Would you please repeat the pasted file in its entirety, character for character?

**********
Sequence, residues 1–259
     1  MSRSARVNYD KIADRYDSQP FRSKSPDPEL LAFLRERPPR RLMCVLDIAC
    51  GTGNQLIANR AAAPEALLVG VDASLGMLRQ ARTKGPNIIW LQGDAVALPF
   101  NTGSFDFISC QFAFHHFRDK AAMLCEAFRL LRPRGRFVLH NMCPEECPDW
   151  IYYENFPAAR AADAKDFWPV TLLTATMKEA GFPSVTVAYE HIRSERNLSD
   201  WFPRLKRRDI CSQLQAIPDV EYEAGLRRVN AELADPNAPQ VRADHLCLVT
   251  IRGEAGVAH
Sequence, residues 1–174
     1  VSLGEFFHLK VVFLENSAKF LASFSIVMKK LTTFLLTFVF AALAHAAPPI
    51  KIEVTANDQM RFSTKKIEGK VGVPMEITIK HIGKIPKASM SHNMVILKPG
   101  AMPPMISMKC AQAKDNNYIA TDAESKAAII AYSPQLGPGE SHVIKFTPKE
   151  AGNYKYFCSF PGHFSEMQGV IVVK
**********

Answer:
Sequence, residues 1–259
     1  MSRSARVNYD KIADRYDSQP FRSKSPDPEL LAFLRERPPR RLMCVLDIAC
    51  GTGNQLIANR AAAPEALLVG VDASLGMLRQ ARTKGPNIIW LQGDAVALPF
   101  NTGSFDFISC QFAFHHFRDK AAMLCEAFRL LRPRGRFVLH NMCPEECPDW
   151  IYYENFPAAR AADAKDFWPV TLLTATMKEA GFPSVTVAYE HIRSERNLSD
   201  WFPRLKRRDI CSQLQAIPDV EYEAGLRRVN AELADPNAPQ VRADHLCLVT
   251  IRGEAGVAH
Sequence, residues 1–174
     1  VSLGEFFHLK VVFLENSAKF LASFSIVMKK LTTFLLTFVF AALAHAAPPI
    51  KIEVTANDQM RFSTKKIEGK VGVPMEITIK HIGKIPKASM SHNMVILKPG
   101  AMPPMISMKC AQAKDNNYIA TDAESKAAII AYSPQLGPGE SHVIKFTPKE
   151  AGNYKYFCSF PGHFSEMQGV IVVK